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When neighbourly relations break down

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  • FlyDragonFlyDragon Greater ManchesterPosts: 832
    Lizzie27 said:
    The article didn't say that birds were nesting in the tree, the poster inferred it.

    Bird poop is well known for ruining the paintwork (contains ammonia) on a car unless it it is washed off immediately and if it'd dried on is quite difficult to remove - I know, we have lots of flying seagull poop round here!
    Besides which, I can't even reach the top of the car. :#

    Still, a living being is more important than a car's paintwork, isn't it?  After all the birds were here long before the cars, and they have to live in such close proximity to humans because we've taken over their habitats.  :(
  • FireFire LondonPosts: 11,543
    they are better off selling the car.
  • B3B3 Posts: 19,395
    Back in the day, I was late for work. I went to open the car and I swear to god, there was three inches of blackberry pigeon poo in the door handle. I was even later for work but I never parked under the tree again.
    In London. Keen but lazy.
  • Lizzie27Lizzie27 Bath, SomersetPosts: 8,175
    @Flydragon, NO, the car is more important to me than a flipping bird!
  • GravelEaterGravelEater The East of EnglandPosts: 85
    If the reason is bird poop, it kind of reminds me of the images of houses in a London suburb where residents had nailed those bird spikes all along the tree branches.  It looked utterly ridiculous, but I kind of saw the point, even if I didn't necessarily agree with it.

    This is silly, it looks so ugly now.

    And there is another issue here, and that is planting too close to borders.  Just because a plant is small now and the 3 foot void behind it looks stupid, it is going to grow!
  • Nanny BeachNanny Beach Posts: 7,056
    You can buy the coating to put on your car,or pop a cover on it.
  • barry islandbarry island Posts: 1,350
    It should be illegal to plant a tree on a boundary unless the other home owner agrees to having your tree overhanging their property and your roots in their ground but even so it must be common courtesy not to plant so close without regard to their wishes.
  • GravelEaterGravelEater The East of EnglandPosts: 85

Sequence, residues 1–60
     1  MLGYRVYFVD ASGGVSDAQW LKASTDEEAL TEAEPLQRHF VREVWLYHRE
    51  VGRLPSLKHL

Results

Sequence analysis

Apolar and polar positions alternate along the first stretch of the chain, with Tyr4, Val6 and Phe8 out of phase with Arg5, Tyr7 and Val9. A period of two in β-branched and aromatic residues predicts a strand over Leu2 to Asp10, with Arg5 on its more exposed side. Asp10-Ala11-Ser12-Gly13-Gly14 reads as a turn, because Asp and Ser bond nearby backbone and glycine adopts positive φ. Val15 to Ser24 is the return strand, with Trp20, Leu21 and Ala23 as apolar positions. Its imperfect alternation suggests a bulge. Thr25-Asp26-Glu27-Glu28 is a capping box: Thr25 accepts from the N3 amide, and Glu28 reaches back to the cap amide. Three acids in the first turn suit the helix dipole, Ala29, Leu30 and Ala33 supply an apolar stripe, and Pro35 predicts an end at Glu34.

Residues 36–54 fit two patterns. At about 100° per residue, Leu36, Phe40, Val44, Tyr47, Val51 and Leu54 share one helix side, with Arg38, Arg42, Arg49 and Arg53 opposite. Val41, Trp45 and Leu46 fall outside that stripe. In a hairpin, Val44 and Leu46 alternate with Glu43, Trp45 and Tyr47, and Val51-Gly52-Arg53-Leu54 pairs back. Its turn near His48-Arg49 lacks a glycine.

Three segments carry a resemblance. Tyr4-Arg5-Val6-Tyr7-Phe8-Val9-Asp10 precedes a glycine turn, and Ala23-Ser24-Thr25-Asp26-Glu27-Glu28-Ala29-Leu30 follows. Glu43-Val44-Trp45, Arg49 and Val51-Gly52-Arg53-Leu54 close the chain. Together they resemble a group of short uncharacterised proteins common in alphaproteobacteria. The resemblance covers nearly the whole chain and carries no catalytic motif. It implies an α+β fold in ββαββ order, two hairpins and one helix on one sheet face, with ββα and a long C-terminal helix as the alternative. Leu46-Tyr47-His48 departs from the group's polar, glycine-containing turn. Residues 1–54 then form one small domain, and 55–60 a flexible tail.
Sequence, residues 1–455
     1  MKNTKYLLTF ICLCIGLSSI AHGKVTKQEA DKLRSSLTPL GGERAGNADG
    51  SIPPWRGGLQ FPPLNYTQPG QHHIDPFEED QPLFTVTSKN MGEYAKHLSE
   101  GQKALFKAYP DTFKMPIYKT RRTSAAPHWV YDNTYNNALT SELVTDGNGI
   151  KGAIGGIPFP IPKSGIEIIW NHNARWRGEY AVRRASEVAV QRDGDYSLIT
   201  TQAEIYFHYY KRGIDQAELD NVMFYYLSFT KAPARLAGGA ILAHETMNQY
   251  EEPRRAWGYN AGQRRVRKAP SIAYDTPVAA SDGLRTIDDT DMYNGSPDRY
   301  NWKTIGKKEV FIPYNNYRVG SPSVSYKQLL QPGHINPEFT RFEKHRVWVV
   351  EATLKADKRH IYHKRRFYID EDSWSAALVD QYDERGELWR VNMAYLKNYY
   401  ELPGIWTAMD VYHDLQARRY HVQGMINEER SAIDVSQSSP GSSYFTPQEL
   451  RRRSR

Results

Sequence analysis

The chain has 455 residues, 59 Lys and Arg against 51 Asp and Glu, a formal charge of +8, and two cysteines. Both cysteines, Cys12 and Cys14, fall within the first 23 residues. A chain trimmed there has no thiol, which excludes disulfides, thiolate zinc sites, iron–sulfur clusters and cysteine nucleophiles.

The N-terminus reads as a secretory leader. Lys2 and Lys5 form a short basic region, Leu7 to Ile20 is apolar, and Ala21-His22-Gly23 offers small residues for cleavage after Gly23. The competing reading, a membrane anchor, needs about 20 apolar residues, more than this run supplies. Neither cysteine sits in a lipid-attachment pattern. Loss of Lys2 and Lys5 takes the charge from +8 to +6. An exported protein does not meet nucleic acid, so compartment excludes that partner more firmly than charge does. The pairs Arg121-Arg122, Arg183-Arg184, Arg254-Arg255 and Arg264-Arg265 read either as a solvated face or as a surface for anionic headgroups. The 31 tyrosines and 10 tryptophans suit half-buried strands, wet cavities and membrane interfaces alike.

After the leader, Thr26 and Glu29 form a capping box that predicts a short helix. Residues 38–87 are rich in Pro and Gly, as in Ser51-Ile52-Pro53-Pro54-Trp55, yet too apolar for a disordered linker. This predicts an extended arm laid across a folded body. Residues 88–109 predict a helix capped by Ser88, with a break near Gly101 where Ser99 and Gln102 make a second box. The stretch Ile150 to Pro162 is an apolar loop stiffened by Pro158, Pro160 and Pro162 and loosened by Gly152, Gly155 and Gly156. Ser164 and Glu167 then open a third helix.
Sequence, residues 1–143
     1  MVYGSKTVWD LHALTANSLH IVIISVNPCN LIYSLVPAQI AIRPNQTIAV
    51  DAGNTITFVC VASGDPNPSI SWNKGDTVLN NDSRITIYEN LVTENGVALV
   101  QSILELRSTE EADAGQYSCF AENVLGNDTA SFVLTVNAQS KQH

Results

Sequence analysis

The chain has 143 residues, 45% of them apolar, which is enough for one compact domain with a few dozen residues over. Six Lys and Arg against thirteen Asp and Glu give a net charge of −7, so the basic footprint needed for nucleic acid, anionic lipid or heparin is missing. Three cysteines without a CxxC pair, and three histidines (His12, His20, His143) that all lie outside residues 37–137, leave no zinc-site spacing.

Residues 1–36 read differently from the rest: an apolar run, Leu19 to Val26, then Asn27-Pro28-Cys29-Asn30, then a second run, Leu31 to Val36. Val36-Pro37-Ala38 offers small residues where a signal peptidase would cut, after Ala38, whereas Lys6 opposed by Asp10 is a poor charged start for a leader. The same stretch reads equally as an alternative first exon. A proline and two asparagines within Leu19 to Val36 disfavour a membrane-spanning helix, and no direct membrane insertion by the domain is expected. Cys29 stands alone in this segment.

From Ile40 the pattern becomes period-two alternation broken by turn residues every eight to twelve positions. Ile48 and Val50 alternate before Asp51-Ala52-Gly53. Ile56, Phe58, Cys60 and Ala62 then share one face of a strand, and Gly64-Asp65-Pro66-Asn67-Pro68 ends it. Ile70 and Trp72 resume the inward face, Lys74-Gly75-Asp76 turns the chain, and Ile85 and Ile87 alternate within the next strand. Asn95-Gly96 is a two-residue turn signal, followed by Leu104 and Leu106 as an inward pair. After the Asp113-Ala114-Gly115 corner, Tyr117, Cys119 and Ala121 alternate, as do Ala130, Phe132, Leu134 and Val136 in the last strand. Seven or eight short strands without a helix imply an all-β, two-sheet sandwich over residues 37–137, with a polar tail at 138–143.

It should be illegal to plant a tree on a boundary unless the other home owner agrees to having your tree overhanging their property and your roots in their ground but even so it must be common courtesy not to plant so close without regard to their wishes.
    In a perfect world, we'd all have deeds that had actual measurements on them showing boundaries too. 
    I'm not sure about a neighbourly agreement, but rather it'd have to be legally binding and thus documented when selling the property - after all no one of can live in a place forever.  I've seen structures built where a gutter overhangs a fence line.  Clearly the owner of said structure has agreed with their neighbour access to clean it.  I doubt that's documented anywhere and both parties are in their later years.  I can see problems should other folks live in either property: 
    "Hi, can I come around and clean the gutter, like I did with the previous resident?"
    "Nope, and I'll be taking it down as it's overhanging my border."

    I've also seen plenty of trees in public space overhanging private property.  I've read some of the wrangles involved with that.  What a mess.
  • barry islandbarry island Posts: 1,350
    Strangely enough my neighbour told me yesterday that they would be knocking down a brick shed that they have at the bottom of the garden, the shed is on their property so that's up to them however about ten years ago they erected a fence which they asked if they could fix the posts to the original concrete fence posts which I agreed to but when it was completed it meant that the ugly side (posts and rails) were facing me and the nice smooth side is facing them, hey ho!  why worry, the fence didn't go right down to the bottom of the garden because the brick shed was in the way so I asked them if they minded me taking down my old rotten fence and planting a laurel hedge which would be on the boundary line which they agreed to, I was only thinking the other day how well it had grown and filled in the space, of course now that the shed is coming down they want to complete the fence which no doubt means the hedge will have to go, this is life things happen and thing change, as for overhanging buildings a few years ago they built a two story side extension and I made it very clear to them where I thought the boundary was and not to overhang so they built right up to the boundary line but after a while the pointing kept falling out of the edge of the roof tiles and they asked if they could fit edging pieces which would be on my side of the boundary of course I agreed as I have no intention to build anything in the space, if I change my mind I'm sure that it can be overcome. When I built a kitchen extension on the other neighbours side he asked that I build it 10cm back from the boundary which I did, who needs hassle I sure don't!
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